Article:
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IN THE GARDEN: Designing with Black and white blooms

Black flowers in the garden can be part of a color coordinated design. COURTESY PHOTO/REED PUGH

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I had a couple of people reach out recently to ask what the “black” flower was in my last newsletter. I had to go back and dig up the list, but it is a “Dark and Handsome” cultivar of Hellebore.

It made me think about all the great “black” colors in the garden, and how colors or a color can be used as part of a design concept.  

When we are creating gardens, we are often looking to add color in all of the seasons of the year. The hunt for pink and blue or red and yellow from spring to fall becomes an obsession.  Gardeners are always looking for holes in the season and trying to fill with new plants.

However, as long as gardens have been designed, color combinations and isolated colors have appealed to some. 

Gertrude Jekyll was one of the most influential horticulturists, creating with color in the garden in the late 1800s. Her work is intertwined with the impressionist painting movement in the later part of the 19th century, and is still important today.

I also did a piece on color several years ago, called “Throw Out The Color Wheel.” Designing and choosing color is a personal experience, and while there are rules, they can be broken if that is what appeals to you.

The main point of this article goes back to the question about the black flower. Some of the most compelling and dramatic gardens are composed of plants whose flowers are devoid of color: Black and white.

White gardens can be quite dramatic, and when close to a space in which you spend time during the evening, they are enchanting in the dark with subtle lighting.

My previous neighbor, a Yankee pediatrician in our town for decades, was very proud of his white border and loved having me over to show off his latest raaaare plants (use best Boston accent).  You don’t have to live at Sissinghurst Castle to have a white garden — my neighbor had a 20 foot long by 5 foot wide border with a tree, some shrubs and a bunch of perennials.

White flowers in the garden can be combined with black ones to good affect. COURTESY PHOTO/REED PUGH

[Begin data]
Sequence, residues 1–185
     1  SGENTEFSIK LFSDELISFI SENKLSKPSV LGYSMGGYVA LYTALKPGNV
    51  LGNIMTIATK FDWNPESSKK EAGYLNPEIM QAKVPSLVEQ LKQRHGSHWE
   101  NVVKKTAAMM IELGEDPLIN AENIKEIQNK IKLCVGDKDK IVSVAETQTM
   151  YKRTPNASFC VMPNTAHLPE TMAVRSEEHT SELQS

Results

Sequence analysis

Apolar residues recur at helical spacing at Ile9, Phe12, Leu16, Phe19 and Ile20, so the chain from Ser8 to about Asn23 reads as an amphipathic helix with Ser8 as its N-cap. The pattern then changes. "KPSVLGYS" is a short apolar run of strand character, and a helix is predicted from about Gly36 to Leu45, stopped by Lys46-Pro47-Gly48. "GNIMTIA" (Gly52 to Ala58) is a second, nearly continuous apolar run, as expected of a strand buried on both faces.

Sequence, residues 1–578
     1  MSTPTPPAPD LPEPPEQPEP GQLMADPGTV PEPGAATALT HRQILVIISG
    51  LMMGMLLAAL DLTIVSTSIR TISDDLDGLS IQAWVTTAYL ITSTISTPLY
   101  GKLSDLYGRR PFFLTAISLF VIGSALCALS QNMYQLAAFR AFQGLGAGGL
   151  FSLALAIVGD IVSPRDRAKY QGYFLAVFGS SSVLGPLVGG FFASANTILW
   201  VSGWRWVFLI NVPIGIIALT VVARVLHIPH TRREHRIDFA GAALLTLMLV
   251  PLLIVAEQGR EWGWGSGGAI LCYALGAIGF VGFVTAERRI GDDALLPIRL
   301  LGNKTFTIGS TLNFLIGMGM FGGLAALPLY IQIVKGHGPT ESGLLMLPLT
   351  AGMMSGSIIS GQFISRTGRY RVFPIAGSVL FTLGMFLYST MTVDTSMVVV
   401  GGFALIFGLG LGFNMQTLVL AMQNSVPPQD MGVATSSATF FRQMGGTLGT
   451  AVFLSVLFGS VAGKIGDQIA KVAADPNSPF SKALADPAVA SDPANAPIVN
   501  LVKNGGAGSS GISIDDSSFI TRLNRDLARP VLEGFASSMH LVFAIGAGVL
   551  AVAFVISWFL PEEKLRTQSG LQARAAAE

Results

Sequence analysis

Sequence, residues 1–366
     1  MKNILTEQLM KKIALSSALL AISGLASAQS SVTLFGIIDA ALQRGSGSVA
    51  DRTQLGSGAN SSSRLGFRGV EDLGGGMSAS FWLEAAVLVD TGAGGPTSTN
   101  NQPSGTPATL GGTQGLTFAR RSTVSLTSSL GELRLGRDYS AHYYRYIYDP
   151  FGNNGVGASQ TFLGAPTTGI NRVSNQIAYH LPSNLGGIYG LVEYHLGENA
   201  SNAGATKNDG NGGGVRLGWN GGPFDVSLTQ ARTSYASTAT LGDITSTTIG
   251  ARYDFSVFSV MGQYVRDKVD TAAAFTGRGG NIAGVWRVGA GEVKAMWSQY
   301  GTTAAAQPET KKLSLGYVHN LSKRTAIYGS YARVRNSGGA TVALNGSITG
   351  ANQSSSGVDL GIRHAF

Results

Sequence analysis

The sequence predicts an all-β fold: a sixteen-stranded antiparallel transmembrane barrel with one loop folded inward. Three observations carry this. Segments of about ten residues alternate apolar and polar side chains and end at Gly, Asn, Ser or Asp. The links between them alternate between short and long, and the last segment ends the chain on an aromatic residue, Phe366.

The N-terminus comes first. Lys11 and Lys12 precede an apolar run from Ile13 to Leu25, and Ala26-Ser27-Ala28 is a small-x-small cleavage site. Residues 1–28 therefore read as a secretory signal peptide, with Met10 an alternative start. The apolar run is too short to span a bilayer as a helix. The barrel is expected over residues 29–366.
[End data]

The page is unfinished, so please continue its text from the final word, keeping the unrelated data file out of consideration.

Black flowering plants are equally dramatic, but their dark color can get lost in a garden. However, many plants have dark or “black” foliage and can add to the drama in the garden. Now nothing is actually black, the flowers and foliage tend to be very dark and often have a red, purple or blue hue.

Combining black and white in a garden can be very special. Black flowers and foliage with white flowers and green or silver foliage helps each “color” to really pop as they are complementary, or opposite, colors.

Following is a brief list of interesting perennial plants to consider for flower and foliage, but it is by no means exhaustive. When you add in shrubs, you have even more options.

Remember, you don’t need a huge space, but you do need to create a defined space that strictly follows these rules. This is a perfect idea for those of you who like to hit the nursery and buy new plants for space that you don’t have in the garden. You’re welcome!

White Flower and/or Silver Foliage

· Anemone x hybrida “Honorine Joubert” - Windflower

· Cerastium tomentosum - Snow in Summer

· Hemerocallis “Gentle Shepard” - Daylily

· Iris “Immortality” - Bearded Iris

· Paeonia “Duchess de Nemours” - Peony

· Phlox paniculata “David” - Garden Phlox

· Physostegia virginiana “Miss Manners” - Obedient Plant

· Platycodon “Astra Double White” - Balloon Flower

· Pycnanthemum pilosum - Hairy Mountain Mint

Black Flower or Black Foliage

· Actaea simplex “Black Negligee”  (White Flower) - Snakeroot

· Helleborous “Dark and Handsome” - Hellebore

· Alcea rosea “Blacknight” - Hollyhock

· Aquilegia vulgaris “Black Barlow” - Columbine

· Iris “Black Suited” - Iris

· Heuchera “Black Pearl” - Coral Bells

· Ophiopogon nigrescens - Black Mondo Grass

If you'd like to brighten things up a bit, try adding a single color. All the shades of purple with white flowers are cool and calming, while red or yellow with white has lots of energy.

Reed Pugh is a Winchester resident.

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